It’s a legitimate concern. But there’s evidence to the contrary, too. Besides sneaking an occasional smoke, nursing an occasional drink, losing an occasional match, there’s something else about Rocky, who walks the streets at night, knows everybody in the neighborhood, goes easy on his shakedown targets and has a fondness for turtles, goldfish and puppies. He’s a hero worshipper, with Marciano’s chiseled body as the god of Rocky’s home—as against the portrait of Jesus Christ hanging at the gym—he’s kind and intelligent, which everyone around seems to sense, know and like about him, and, deep down, Rocky Balboa takes pride in himself.

It’s in his walk, when he struts around dark corners, greeting neighbors. It’s in his trade, when he enters a pet shop and flirts with the cashier, in whom he sees a quality he values. It’s in his talk, when he singles out a tough girl and delivers a stern lesson in the importance of earning one’s reputation—Rocky‘s first crucial transition to an extraordinary tale of a self-made man. Rocky walks the girl around the ‘hood, taking the wayward youth on a journey back home, where she thanks him, having been unhinged from clannishness and at least for now restored to a natural, decent state of being an individual who’s capable of standing alone.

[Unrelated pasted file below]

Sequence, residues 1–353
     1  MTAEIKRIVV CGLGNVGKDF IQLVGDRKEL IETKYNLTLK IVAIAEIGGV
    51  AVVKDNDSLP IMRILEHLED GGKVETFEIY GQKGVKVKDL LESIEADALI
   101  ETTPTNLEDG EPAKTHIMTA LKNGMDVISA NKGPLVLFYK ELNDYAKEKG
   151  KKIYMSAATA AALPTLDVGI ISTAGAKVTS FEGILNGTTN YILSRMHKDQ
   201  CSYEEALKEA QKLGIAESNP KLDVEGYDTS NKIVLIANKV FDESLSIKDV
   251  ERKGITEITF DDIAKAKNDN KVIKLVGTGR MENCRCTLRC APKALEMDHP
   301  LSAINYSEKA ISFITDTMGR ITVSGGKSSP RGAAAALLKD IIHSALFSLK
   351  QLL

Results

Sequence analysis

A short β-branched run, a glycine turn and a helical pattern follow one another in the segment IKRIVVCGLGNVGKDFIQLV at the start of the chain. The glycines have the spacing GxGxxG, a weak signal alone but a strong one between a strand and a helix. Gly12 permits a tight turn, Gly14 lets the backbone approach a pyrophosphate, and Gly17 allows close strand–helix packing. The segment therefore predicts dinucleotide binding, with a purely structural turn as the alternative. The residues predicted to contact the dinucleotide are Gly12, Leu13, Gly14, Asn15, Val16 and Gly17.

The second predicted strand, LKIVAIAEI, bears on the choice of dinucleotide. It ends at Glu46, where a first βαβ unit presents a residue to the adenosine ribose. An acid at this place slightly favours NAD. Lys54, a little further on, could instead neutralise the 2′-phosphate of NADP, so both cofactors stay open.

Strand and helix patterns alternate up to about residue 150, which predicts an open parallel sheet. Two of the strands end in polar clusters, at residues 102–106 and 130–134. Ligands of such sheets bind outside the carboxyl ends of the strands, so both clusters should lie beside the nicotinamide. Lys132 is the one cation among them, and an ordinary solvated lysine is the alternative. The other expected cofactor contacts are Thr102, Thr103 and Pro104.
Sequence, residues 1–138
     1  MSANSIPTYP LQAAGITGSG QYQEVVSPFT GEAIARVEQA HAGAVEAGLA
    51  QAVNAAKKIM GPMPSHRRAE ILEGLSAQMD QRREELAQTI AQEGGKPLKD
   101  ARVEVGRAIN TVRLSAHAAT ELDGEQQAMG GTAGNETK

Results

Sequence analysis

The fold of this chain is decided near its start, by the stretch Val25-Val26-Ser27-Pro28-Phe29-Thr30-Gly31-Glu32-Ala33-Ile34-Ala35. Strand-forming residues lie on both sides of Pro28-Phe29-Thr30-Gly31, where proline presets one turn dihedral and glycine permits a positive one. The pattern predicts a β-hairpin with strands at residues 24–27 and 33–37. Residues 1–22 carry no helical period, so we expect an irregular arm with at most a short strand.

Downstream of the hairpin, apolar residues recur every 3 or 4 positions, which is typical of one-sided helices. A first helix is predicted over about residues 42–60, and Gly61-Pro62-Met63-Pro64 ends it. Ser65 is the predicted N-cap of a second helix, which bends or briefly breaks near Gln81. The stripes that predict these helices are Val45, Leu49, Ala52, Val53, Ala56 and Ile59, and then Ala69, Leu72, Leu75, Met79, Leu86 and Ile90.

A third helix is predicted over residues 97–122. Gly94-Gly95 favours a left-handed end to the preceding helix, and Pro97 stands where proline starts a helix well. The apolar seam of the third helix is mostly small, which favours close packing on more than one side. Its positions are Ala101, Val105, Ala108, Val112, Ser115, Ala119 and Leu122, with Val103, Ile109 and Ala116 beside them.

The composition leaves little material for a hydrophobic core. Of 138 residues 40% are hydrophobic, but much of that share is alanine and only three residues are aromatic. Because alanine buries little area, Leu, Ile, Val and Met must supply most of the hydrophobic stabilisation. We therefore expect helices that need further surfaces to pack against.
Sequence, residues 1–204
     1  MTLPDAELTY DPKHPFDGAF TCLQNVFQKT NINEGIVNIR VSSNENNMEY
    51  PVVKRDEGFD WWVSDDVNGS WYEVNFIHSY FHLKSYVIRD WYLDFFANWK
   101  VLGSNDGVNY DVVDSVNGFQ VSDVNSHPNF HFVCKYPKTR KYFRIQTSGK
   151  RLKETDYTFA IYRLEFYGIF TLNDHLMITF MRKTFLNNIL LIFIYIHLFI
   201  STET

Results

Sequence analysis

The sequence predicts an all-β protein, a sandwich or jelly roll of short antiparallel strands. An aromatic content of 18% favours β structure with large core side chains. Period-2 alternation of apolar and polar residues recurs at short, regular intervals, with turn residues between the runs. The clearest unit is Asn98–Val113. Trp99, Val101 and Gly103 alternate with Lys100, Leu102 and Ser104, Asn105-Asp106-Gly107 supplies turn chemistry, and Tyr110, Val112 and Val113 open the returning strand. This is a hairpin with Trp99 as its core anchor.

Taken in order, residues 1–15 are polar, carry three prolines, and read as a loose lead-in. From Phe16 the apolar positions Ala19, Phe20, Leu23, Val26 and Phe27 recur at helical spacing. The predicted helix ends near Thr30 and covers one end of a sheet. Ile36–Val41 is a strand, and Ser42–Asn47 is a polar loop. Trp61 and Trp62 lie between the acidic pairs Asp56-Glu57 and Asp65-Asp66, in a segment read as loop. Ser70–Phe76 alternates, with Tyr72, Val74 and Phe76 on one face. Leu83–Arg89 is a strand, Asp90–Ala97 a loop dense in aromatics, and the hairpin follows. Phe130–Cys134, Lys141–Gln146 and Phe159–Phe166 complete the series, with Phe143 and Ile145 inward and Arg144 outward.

This is a small scene, seemingly innocuous, but it marks a critical moment of the man’s self-awareness. It’s as if Rocky realizes in giving that speech that he’s infected with the mind-body dichotomy, not practicing in reality what he preaches in theory, living by example to the opposite of what he instructs the street kid. By now, the audience knows that Rocky likes being alive—he teems with life and, even when he’s down, it’s because he’s sad about something unfulfilled, not in pity for himself—and his love for life is ready to be (re)born. The audience—and this is why the movie earned 1976’s top spot and won Best Picture—is in on the heroism; a picture of man, machine and bridge, carrying a train, car and athlete all in forward motion, gets it going. So, too, does Bill Conti’s epic score.